Walmart Hate Speech Case Upheld by New Hampshire Court
A New Hampshire man was properly charged with a hate crime for threatening two Walmart employees with anti-Semitic statements, the state’s Supreme Court ruled.
On Friday, the New Hampshire Supreme Court upheld the conviction of Paul Costella on two counts of criminal threatening in the 2010 incident. He was sentenced last year to 12 months in jail.
Costella had threatened the Walmart employees in the automotive department after one said she could not serve him because she was offended by a photo in Costella’s car of the man and his daughter making a Heil Hitler salute in front of a large swastika, the Concord Monitor reported.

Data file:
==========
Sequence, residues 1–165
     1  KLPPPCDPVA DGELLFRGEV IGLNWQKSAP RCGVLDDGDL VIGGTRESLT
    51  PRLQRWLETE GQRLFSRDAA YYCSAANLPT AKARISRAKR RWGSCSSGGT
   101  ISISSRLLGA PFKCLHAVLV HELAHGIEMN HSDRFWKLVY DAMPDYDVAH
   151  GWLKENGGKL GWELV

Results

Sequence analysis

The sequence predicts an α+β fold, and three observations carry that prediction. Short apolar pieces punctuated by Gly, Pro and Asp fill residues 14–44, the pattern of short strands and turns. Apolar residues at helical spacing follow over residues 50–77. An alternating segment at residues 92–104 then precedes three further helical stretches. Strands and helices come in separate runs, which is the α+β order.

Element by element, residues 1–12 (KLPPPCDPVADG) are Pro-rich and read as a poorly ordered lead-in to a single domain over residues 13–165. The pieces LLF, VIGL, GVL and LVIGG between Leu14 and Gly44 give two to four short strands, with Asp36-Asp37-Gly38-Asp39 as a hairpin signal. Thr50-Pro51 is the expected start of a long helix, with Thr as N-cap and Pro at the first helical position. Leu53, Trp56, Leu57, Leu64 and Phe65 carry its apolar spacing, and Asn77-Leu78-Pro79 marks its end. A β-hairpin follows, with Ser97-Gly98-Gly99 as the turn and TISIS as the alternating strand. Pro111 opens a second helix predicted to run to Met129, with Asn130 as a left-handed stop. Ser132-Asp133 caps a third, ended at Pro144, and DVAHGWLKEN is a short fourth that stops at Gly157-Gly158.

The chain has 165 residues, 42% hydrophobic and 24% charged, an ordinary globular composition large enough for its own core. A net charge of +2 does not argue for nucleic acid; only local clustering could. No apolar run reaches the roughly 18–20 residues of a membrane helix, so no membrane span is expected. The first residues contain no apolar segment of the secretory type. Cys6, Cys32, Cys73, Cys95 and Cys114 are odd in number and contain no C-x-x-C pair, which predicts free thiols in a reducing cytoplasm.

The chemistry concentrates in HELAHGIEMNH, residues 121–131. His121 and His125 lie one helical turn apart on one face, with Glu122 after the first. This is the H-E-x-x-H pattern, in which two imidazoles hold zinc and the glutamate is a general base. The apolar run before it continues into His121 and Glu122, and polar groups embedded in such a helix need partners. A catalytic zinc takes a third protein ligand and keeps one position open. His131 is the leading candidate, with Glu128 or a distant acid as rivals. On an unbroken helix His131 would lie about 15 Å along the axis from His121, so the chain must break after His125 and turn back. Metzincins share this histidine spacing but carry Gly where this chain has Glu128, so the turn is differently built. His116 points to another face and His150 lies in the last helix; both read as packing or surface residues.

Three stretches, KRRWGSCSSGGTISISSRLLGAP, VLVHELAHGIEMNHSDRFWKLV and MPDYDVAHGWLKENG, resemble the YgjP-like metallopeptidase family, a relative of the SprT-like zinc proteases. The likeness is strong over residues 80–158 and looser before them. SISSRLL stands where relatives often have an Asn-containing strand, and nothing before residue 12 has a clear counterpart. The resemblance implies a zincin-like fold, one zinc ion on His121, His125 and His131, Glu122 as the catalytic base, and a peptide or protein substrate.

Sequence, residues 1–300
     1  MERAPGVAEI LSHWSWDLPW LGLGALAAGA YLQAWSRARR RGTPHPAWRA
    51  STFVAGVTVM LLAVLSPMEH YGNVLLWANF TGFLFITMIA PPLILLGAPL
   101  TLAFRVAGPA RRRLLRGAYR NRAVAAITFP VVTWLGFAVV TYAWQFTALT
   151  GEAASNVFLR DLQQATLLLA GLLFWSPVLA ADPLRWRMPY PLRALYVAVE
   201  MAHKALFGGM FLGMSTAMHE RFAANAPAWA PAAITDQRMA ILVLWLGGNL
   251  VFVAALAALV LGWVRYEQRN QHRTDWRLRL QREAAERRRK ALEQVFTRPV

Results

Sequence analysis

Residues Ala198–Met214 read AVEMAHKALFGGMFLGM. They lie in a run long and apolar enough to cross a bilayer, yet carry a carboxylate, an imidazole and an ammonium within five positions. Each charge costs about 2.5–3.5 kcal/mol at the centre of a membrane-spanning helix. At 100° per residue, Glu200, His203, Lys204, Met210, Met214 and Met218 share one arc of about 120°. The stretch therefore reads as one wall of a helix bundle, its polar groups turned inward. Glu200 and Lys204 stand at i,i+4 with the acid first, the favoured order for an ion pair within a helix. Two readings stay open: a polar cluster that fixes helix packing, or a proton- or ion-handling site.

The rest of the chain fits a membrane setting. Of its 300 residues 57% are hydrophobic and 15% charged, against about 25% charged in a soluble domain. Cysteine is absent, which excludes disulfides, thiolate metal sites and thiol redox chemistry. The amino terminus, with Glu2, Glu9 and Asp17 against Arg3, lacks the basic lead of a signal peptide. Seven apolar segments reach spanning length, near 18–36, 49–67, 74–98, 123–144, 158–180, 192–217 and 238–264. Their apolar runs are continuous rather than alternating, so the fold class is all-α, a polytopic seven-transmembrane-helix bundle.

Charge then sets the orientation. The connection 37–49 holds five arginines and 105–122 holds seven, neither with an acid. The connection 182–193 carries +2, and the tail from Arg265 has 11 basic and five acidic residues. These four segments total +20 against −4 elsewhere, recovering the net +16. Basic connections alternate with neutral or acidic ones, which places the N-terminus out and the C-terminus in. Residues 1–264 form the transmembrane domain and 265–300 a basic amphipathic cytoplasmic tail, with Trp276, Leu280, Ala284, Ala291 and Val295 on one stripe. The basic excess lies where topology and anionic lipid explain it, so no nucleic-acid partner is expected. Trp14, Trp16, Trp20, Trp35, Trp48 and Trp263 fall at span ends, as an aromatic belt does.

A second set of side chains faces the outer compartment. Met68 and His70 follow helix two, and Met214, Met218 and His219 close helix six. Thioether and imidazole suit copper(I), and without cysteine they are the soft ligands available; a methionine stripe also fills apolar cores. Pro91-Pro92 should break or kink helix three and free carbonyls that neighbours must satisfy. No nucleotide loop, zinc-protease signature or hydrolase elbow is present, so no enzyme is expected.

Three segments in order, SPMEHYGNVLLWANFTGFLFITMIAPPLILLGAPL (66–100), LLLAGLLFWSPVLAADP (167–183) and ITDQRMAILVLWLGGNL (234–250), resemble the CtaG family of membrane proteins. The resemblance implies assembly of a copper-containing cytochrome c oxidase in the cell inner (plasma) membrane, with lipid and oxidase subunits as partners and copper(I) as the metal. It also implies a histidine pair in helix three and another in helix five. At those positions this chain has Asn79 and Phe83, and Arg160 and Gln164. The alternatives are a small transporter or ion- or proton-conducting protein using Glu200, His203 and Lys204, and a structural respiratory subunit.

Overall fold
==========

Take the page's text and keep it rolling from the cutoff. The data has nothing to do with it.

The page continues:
The employee told Costella that her uncle was a member of the French resistance during World War II and had been caught and burned alive by the Nazis.
“I hope that Jew bastard suffered,” Costella told the employee. Another employee serviced the car. Costella also called the employee who refused him service a “gypsy Jew” and said he had a “Jew-killing gun” in the car. On the way out of the store, Costella said that he was “getting his gun to kill the Jew bitch behind the counter.”
In his appeal, Costella argued that the New Hampshire hate crime law would only be relevant if he had made the statements because he was aware the employees were Jewish, and it was not clear that either employee was Jewish.
The Supreme Court did not agree.
“The significant community harm resulting from a hate crime flows from the defendant’s bias-motivated actions rather than the victim’s actual status as a member of a protected class,” Justice Jim Bassett wrote in his decision.